In 2000 I was a delegate at the World Economic Forum South East Asian Summit. We were virtual prisoners to 10,000 mostly very young people who were rioting outside the conference venue, the Crown Casino in Melbourne. We couldn’t leave and key speakers were flown in by helicopter or boated in on police launches. We were patrolled 24hours a day by goons with guns.
I realised then that if success and affluence leads to massive alienation it is no fun for anyone. Who wants to live life under guard because their success has so offended others? Richard Wilkinson in his book “The Impact of Inequality: How to Make Sick Societies Healthier” tells us that homicide rates (and other crimes) track a country’s level of inequality, not its overall wealth. The fairest countries have the highest levels of trust and social capital. When you have high social capital everybody is happier, healthier and safer.
This week Oxfam told us that the richest 62 people on the planet own more than the poorest 50%. This kind of inequality will only lead to misery, social disruption and heart break – even for the very rich.
Before I left for the Melbourne summit both my children (students at the time) wanted to fly down and be part of the demonstration. They wanted to let the fat cats (like me) know that the social dislocation caused by globalisation wasn’t good enough.
I was raised with the quote “Thank god for young men with brains enough to make fools of themselves”. My children’s intelligence demanded that they think and care outside the conservative box. My son went on to become one of Australia’s top designers and my daughter after a career in not-for-profit sector married a raising entrepreneurial fintech star. It is healthy for young people to rebel. It is healthy to think past our own circumstances to those less privileged than ourselves. It is wonderful when the voices of the less advantaged are heard. Dialgoue breeds the kind of creativity demands by the digital revolution.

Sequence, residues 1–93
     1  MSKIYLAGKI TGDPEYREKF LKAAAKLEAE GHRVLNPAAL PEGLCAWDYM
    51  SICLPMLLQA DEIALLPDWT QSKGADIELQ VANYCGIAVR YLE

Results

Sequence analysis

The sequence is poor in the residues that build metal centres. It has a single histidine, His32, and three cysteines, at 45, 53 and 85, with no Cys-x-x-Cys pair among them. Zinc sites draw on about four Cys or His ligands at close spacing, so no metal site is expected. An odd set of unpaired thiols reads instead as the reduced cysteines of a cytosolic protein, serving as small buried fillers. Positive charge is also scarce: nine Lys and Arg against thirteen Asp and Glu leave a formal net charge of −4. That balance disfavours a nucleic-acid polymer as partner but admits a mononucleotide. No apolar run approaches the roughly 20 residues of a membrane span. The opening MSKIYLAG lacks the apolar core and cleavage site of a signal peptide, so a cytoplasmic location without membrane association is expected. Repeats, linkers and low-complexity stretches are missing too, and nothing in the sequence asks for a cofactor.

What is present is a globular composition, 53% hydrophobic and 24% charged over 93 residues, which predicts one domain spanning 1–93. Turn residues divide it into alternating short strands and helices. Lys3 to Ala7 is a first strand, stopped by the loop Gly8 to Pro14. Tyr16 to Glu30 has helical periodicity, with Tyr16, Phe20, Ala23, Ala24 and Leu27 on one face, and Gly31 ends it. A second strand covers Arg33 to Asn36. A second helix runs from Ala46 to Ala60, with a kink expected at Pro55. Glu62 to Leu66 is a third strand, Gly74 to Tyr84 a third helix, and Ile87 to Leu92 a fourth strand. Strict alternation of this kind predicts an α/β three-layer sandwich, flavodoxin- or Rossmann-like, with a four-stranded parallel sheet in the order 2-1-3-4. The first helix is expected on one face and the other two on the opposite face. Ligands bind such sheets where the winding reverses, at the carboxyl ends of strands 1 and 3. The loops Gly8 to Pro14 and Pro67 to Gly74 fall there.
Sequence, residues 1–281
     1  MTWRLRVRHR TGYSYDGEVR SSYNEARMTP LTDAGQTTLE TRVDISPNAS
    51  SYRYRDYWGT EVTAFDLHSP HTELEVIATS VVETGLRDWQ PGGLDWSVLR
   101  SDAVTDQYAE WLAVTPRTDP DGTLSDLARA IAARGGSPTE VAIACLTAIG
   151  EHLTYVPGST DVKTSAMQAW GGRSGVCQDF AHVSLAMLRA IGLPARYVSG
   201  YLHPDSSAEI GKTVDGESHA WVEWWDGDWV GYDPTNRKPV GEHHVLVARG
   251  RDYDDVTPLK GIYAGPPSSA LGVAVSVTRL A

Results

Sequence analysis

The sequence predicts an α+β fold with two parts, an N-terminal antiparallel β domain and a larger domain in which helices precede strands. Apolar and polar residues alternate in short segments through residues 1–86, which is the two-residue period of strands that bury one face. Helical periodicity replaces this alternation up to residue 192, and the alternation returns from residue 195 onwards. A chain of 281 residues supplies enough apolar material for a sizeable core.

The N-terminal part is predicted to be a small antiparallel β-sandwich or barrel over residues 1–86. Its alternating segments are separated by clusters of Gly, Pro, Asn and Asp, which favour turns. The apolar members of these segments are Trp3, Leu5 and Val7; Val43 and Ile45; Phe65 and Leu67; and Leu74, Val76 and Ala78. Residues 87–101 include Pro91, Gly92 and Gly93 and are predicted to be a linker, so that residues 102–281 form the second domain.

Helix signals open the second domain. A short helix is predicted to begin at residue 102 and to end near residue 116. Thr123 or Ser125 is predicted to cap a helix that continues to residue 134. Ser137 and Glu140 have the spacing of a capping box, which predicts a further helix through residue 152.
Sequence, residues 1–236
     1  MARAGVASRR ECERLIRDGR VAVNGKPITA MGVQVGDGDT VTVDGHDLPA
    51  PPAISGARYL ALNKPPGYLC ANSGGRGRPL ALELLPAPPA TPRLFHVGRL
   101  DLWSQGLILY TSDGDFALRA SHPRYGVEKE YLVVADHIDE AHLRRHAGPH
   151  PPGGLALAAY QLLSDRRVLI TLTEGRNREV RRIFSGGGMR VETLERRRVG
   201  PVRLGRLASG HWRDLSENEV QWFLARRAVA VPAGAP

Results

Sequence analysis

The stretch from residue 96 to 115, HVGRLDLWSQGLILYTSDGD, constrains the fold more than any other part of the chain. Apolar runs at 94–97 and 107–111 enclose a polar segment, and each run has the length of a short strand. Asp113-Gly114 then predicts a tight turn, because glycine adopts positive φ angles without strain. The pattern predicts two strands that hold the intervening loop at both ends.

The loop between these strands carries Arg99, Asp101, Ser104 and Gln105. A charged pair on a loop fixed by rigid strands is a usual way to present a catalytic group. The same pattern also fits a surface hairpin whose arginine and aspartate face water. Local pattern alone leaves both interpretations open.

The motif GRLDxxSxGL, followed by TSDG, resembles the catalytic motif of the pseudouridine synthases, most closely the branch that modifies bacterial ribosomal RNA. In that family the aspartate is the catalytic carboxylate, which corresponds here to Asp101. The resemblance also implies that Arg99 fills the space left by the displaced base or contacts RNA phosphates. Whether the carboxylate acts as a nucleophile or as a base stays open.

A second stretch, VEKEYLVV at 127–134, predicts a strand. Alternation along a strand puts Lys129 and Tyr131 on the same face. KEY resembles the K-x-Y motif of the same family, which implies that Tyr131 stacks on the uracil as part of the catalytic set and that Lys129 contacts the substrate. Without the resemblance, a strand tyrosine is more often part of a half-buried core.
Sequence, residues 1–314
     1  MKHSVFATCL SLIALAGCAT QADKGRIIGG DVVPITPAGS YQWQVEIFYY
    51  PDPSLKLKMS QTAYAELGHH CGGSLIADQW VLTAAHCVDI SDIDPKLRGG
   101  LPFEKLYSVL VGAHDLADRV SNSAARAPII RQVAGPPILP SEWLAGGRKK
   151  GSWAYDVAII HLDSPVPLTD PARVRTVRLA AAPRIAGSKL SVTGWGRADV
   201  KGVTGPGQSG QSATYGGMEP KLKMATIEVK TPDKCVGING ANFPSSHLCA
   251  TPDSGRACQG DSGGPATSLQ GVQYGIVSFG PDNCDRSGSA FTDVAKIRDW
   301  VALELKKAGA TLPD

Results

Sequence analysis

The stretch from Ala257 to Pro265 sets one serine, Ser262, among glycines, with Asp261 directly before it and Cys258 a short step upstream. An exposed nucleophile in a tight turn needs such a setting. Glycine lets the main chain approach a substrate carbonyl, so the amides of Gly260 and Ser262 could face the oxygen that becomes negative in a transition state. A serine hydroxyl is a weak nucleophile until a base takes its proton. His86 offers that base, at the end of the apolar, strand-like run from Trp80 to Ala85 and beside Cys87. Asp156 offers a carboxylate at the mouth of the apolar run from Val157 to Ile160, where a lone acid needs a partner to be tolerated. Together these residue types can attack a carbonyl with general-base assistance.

When faced with a riot at Davos President Bill Clinton went out and spoke with the crowds. Dialogue is great. Dialogue allows us to hear the humanity of another. When we can relate on a human level we have a chance of walking a mile in the other person’s shoes.
Leading entrepreneurs like Bill Gates and Warren Buffett have been able to feel sufficient compassion to give away vast amounts of their fortune. Wouldn’t it be wonderful if a World Economic Forum was about the rich and the poor, the privileged and the disadvantages dialoguing as humans and finding ways to bridge the gap so that we can all live in health, joy and safety?
Less grandly, we can dialogue across levels in organisations, across age groups and professional specialities. In fact, with the rise of “wicked problems” – highly complex rapidly changing problems sparked by globalisation and digitisation – we can only move forward through dialogue with people who see the world very differently from ourselves.
Social media means we can longer isolate ourselves and feel safe. People power is rising. We need to work together across all divides to find solutions to presenting issues. Then we will all be better off.
12 Steps for Business www.12stepsforbusiness.com.au is a structured programme that takes everybody on a journey to creating wealth and success for all. In it you will learn how to recognise and work constructively with “wicked problems” and transform them into amazing win-win-win opportunities through thinking at higher levels and creating environments in which dialogue can flourish.